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United States: Ultrameters of 5G aircraft may be disrupted, says FAA

United States: Ultrameters of 5G aircraft may be disrupted, says FAA


In a new document released Thursday, the Federal Aviation Administration (FAA) United States Make sure 5G networks Used at airports by telephone operators through AT&T and Verizon Interferes with radio altimeters Used by Flights And Civilian helicopters.

According to the FAA, 5G altimeters can disrupt certain radio frequencies. The waves used by 5G cover a portion of the radio band called the C-band. The band is close to the waves used by radio altimeters operating at frequencies between 4.2 and 4.4 GHz.

Furthermore, the FAA requested that the personnel on these flights no longer be used Guided landing systems They are designed to operate in poor visibility conditions when there is sufficient interference to make their altimeters unreliable when they land at the airport. About 6,800 aircraft and private jets and 1,800 helicopters in service in the United States were affected.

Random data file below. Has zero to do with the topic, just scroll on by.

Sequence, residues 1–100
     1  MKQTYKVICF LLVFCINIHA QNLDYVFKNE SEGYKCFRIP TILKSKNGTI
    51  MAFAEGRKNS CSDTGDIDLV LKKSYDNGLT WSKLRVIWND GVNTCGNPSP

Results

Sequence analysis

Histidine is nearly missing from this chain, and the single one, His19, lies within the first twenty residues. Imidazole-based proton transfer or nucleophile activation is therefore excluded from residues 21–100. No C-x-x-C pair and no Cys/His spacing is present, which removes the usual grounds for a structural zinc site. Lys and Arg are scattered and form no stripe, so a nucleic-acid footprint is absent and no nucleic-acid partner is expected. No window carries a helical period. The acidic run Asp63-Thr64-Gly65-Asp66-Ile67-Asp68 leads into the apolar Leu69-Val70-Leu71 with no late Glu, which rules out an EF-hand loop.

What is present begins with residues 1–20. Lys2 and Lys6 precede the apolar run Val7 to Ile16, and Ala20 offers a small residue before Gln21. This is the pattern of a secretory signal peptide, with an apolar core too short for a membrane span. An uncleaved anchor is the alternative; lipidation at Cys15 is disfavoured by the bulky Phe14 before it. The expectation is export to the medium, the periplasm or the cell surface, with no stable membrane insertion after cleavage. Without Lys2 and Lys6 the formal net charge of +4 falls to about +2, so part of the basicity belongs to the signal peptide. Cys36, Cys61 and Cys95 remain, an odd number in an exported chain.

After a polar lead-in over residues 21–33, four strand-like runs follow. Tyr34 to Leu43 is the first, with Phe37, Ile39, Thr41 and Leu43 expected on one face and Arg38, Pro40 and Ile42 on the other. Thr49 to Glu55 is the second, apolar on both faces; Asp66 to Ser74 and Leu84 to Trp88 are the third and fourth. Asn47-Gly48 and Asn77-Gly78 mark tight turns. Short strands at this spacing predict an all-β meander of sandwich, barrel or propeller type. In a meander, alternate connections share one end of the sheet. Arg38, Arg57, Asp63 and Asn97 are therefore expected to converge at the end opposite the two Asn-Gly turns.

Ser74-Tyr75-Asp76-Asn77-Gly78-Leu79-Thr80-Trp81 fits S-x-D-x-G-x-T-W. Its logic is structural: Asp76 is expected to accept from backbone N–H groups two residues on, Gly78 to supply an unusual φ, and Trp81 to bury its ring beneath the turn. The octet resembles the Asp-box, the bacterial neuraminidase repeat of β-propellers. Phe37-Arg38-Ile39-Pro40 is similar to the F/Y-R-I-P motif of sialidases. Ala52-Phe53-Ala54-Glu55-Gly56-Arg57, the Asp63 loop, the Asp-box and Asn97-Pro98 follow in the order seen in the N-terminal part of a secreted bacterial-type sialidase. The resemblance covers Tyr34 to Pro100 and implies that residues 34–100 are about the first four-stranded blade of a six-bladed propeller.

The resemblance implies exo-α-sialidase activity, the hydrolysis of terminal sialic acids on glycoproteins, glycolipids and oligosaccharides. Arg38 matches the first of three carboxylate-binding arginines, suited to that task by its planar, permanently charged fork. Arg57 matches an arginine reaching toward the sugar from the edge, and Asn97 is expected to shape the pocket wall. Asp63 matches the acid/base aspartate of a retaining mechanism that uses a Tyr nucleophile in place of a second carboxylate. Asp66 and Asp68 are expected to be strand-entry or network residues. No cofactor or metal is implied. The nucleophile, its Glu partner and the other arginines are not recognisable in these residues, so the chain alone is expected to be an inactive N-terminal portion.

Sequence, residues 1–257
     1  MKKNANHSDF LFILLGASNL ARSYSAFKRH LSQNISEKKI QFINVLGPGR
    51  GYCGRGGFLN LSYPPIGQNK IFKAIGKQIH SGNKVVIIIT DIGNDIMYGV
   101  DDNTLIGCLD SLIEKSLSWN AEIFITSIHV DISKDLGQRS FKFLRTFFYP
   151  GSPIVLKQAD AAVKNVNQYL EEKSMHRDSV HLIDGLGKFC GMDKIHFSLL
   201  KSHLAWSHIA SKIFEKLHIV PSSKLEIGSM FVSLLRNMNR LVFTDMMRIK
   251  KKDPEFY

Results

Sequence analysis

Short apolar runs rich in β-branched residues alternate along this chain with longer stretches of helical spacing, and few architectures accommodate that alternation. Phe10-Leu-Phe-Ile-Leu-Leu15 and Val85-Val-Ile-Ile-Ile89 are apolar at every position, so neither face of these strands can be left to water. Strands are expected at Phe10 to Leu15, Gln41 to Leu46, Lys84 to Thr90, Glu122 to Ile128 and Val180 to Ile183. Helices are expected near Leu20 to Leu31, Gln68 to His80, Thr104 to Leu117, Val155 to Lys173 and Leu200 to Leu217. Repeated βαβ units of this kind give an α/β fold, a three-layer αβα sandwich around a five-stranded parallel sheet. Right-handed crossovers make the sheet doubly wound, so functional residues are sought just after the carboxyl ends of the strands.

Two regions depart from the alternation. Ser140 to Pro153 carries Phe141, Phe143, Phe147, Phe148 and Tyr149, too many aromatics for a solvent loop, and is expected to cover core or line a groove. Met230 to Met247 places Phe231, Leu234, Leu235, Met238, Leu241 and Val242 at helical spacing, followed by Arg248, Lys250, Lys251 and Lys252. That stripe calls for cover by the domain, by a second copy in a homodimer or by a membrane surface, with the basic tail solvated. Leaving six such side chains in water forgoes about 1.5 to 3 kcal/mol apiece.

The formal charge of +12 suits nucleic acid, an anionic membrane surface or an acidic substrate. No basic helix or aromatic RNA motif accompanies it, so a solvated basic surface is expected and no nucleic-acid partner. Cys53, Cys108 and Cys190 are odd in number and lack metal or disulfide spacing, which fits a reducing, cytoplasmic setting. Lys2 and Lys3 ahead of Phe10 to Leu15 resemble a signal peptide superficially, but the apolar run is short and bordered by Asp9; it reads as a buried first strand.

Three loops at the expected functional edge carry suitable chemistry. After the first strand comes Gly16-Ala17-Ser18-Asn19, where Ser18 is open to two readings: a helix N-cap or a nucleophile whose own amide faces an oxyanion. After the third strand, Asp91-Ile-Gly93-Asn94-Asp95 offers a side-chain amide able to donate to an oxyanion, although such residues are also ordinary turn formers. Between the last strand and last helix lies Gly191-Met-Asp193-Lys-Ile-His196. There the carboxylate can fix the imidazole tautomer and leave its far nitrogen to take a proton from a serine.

Landing may be limited during low visibility periods due to concerns that the 5G signal may interfere with an aircraft’s radio altimeter’s accuracy.FAA spokeswoman Lynn Lunsford told The Verge.

The FAA has indicated that it will work closely with the Telecommunications Commission (FCC, the Federal Communications Commission), AT&T and Verizon to address the risk posed by 5G at airport sites. Two telephone operators who have begun to use their 5G networks across the United States are proposing to minimize electricity from 5G transmitters, especially around airports and heliports.

United States: FAA 1 disrupts altimeters of 5G aircraft, according to Air Journal

Las Vegas © McCarran International Airport

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